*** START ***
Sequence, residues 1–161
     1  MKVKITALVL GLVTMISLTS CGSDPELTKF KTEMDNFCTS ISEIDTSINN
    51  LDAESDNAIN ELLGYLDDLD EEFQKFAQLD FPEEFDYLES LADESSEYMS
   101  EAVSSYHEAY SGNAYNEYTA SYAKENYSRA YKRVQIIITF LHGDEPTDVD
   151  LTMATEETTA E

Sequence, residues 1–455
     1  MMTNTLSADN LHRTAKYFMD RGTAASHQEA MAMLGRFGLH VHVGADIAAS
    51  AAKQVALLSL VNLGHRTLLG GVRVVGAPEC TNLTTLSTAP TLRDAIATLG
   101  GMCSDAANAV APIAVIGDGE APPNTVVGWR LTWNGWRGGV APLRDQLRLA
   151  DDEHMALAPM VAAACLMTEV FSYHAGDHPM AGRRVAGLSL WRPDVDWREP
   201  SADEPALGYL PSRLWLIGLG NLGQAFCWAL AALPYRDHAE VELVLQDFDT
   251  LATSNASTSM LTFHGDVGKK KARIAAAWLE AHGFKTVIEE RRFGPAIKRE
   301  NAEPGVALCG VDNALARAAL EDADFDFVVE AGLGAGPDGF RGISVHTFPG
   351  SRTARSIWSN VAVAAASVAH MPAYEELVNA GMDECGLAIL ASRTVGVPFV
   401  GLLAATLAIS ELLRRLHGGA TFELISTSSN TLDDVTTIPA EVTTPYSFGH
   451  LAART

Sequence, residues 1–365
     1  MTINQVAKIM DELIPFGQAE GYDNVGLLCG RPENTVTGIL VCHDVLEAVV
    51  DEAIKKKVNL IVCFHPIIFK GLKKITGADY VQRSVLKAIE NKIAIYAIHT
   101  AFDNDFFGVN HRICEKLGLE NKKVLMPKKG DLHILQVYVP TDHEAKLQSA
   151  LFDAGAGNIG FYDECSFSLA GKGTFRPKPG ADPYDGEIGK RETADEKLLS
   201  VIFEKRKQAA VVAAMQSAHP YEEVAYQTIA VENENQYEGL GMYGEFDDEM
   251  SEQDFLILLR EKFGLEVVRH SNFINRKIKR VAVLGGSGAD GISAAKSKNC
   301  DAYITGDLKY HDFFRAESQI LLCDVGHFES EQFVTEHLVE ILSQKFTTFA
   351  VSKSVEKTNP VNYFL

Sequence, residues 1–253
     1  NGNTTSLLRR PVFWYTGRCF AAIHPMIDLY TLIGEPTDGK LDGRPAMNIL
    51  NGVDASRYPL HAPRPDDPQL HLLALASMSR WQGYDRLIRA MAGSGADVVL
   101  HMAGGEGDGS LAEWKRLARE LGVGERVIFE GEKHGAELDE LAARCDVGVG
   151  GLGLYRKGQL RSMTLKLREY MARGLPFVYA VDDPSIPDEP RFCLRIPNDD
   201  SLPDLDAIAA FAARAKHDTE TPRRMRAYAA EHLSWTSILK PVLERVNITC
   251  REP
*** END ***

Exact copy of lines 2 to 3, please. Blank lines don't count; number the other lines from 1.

     1  MKVKITALVL GLVTMISLTS CGSDPELTKF KTEMDNFCTS ISEIDTSINN
    51  LDAESDNAIN ELLGYLDDLD EEFQKFAQLD FPEEFDYLES LADESSEYMS